Ask any chef how to cook a steak and they’ll tell you that it’s not just how you cook it, but also what you cook it with. For whatever reason, people are obsessed with the idea of over-seasoning their precious steaks. Rather than allowing the meat to do what it does best (taste fucking delicious) or at least pairing it with seasonings that make sense, people insist on slathering it in sauces and marinades or choking it out with things like adobo or Montreal steak seasoning. Stop.
The only ingredients you need:
In actuality, cooking a steak couldn’t really be simpler; it requires just a couple ingredients that are as old as time and that you probably already have in your home: thyme, garlic, salt and pepper. That’s it. No lemon zest, no paprika, no goddamn onion powder.
If you’re cooking your steak right, the seasonings you choose should accentuate the natural deliciousness of the meat, which should be brought out throughout the cooking process—searing the meat, getting that nice outer “crust” everyone is always raving about. That is where a good steak shines.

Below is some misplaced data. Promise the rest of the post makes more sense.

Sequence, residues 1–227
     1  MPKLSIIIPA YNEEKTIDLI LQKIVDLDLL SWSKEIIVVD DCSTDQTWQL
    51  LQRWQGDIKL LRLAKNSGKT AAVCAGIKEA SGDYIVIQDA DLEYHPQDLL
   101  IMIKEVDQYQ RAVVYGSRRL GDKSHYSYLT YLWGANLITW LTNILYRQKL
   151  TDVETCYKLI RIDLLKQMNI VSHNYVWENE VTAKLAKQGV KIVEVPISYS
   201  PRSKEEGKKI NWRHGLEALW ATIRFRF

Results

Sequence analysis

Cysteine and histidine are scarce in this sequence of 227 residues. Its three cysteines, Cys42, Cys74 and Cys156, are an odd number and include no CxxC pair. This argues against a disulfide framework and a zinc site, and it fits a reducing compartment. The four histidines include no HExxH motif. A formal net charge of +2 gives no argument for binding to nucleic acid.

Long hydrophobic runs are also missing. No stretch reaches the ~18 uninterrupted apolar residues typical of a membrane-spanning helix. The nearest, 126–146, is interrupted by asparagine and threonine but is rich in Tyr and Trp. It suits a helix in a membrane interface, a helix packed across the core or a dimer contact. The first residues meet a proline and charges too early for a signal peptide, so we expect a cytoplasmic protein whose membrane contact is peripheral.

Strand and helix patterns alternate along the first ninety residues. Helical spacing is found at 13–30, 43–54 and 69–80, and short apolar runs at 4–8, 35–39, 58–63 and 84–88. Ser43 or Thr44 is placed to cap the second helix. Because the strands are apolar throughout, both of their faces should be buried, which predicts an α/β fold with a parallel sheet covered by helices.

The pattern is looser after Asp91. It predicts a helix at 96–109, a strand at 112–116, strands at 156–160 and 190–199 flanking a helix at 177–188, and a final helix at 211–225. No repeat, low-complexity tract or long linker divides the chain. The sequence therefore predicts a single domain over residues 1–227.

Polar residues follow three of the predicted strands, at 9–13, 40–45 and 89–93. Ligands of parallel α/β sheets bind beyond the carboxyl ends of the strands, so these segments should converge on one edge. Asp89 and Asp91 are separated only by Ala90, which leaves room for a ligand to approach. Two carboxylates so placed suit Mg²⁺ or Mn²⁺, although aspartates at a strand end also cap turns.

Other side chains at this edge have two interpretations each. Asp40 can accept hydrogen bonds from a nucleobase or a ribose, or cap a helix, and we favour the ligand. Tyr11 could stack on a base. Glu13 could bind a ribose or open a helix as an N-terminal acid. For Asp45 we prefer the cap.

It’s rich and delicious base flavor is then brought out by a little bit of salt and pepper. Garlic and thyme naturally pair well with the flavor spectrum present in cooked beef, without overpowering any of it.
Basically, if you don’t like the taste of steak and feel the need to mask it with other heavy seasonings, perhaps you should stick to chicken instead.
Of course, there are notable exceptions to the rules. Personally, I’m a “It’s a free country” kind of guy, so I truthfully don’t really care what you season your steak with. You want to toss a little adobo on there? Sofrito? Mojo? Garlic powder? Liquid smoke? By all means, brother! Do you!
The only point to really keep in mind is that steak—any steak, really—comes with its own uniquely delicious flavor profile that should be accentuated by the crap you’re marinating it in or throwing on top of it.
If you’re going to use a seasoning, do so sparingly and with stuff that’s going to make your steak better, not something else entirely.